‘No’ to dispatch of US troops
THE INDONESIAN CRISIS
INDONESIA’S government will reject any attempt by Washington to send troops unilaterally to the country to help Americans evacuate from the recent waves of unrest, a senior military legislator warned yesterday.
Deputy Speaker of Parliament, Lieut-General Syarwan Hamid, told The Sunday Times that if the United States has drawn up such plans, it should have consulted Jakarta before announcing them.
“Indonesia and the armed forces, in particular, will not allow any foreign troops to just come in and do whatever they like,” he said, adding that even ordinary Indonesians would be upset by such action.
“It is tantamount to violating our sovereignty. No country would allow that and the US risks spoiling ties between the two countries by thinking it can go alone on this matter,” he said.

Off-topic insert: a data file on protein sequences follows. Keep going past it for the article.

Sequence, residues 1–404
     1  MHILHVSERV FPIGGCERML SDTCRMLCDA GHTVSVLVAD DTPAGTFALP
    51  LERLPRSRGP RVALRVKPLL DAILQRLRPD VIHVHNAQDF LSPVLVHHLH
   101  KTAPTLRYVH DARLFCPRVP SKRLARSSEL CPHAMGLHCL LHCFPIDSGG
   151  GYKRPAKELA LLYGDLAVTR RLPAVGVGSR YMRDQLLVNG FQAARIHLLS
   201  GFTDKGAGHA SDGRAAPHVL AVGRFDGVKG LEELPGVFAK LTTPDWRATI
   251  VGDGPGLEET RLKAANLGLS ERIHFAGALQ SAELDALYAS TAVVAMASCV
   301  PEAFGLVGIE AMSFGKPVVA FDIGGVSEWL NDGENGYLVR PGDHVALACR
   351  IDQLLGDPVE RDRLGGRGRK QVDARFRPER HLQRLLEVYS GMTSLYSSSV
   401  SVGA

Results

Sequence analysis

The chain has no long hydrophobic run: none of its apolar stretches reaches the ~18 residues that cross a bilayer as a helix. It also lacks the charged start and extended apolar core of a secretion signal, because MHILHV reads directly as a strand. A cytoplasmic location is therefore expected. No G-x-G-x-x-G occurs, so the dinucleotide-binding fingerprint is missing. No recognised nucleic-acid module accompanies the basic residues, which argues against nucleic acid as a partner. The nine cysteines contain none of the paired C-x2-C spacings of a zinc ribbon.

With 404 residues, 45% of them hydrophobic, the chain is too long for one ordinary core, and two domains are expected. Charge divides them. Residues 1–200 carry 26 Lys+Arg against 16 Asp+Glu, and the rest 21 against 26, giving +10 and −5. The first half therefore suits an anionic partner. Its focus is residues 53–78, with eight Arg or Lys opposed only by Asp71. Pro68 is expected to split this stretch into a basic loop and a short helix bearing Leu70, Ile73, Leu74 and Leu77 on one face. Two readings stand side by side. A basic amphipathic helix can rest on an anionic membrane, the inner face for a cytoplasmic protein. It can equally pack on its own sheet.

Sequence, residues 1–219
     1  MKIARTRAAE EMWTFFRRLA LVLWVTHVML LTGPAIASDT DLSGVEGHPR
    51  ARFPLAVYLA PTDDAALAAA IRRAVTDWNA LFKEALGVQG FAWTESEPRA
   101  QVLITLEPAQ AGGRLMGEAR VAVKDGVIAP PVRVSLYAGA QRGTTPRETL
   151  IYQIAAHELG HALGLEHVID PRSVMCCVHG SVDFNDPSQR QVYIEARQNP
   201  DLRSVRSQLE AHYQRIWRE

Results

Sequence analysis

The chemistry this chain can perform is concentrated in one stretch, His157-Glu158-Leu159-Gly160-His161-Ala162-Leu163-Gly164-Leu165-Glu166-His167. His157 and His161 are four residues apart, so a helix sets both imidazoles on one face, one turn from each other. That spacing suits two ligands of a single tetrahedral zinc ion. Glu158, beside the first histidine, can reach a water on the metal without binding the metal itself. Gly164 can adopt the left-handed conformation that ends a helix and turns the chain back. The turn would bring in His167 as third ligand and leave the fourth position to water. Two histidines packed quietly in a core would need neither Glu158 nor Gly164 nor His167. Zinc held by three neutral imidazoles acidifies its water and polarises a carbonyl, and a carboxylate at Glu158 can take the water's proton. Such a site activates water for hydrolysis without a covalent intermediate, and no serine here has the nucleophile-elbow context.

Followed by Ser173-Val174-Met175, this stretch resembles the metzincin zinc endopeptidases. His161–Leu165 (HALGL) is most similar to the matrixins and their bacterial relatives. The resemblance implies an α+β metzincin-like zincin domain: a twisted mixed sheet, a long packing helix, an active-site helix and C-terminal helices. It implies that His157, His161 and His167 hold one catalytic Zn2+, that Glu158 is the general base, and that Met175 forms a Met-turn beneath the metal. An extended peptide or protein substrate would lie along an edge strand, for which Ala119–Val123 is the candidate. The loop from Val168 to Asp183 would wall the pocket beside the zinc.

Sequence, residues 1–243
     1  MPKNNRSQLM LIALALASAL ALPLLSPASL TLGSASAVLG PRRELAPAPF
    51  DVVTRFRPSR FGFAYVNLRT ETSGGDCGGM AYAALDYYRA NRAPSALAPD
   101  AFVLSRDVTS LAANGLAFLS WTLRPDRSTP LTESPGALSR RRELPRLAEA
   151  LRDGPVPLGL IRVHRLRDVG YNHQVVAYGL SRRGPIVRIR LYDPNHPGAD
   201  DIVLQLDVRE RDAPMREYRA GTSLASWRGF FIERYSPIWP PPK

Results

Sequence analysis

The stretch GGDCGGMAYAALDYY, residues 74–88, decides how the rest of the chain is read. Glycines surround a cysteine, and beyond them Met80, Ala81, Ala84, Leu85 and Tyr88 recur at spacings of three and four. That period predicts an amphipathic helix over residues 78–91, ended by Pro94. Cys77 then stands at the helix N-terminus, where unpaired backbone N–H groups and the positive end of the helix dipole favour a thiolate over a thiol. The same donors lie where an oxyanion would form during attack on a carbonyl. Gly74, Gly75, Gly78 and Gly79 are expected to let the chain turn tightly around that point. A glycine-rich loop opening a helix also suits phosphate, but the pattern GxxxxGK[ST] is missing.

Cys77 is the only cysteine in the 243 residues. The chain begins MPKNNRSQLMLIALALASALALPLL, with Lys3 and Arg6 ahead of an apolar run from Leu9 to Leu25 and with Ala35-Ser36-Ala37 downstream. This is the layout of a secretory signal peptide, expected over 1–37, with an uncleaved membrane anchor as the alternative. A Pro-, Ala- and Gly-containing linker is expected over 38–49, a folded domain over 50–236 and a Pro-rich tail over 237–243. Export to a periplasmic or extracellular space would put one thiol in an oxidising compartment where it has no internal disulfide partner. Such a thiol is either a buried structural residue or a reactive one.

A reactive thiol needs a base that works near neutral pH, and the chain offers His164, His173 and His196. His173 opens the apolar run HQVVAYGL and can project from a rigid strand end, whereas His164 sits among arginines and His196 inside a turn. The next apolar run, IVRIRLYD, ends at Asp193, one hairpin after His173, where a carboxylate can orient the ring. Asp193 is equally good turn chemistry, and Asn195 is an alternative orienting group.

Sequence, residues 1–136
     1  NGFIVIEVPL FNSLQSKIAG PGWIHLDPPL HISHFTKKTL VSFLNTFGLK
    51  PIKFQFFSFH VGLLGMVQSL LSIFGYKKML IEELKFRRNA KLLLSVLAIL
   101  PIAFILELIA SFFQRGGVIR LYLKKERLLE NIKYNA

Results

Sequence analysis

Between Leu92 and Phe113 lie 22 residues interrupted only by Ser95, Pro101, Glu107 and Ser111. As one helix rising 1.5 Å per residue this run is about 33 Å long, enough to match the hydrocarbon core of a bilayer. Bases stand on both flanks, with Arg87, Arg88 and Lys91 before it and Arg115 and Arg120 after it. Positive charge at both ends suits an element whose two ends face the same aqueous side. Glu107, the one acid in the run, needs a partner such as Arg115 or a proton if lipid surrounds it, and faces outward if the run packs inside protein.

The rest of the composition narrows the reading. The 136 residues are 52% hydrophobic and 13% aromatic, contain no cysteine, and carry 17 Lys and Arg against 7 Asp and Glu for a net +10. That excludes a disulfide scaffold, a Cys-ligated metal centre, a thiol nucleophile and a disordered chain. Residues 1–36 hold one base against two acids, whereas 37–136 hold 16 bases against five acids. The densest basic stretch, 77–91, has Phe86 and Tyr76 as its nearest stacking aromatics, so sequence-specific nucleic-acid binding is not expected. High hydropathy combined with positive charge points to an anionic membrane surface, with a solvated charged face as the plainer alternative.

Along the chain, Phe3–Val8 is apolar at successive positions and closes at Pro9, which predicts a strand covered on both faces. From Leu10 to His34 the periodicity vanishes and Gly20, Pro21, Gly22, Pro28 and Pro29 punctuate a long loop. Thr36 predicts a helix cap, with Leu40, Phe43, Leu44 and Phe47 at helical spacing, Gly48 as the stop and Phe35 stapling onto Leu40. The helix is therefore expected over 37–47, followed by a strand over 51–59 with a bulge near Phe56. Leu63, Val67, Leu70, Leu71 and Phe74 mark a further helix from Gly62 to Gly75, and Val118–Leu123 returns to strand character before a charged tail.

Lt-Gen Syarwan said that Jakarta would expect Washington to go through “proper diplomatic and military channels” if it was serious about sending troops to Indonesia.
Separately, a two-star general told The Sunday Times that US intelligence had informed the Indonesian government of a plan to evacuate Americans but gave no hints of a troop deployment.
“This unilateral announcement is bad for bilateral relations,” he said.
“It has never happened before.”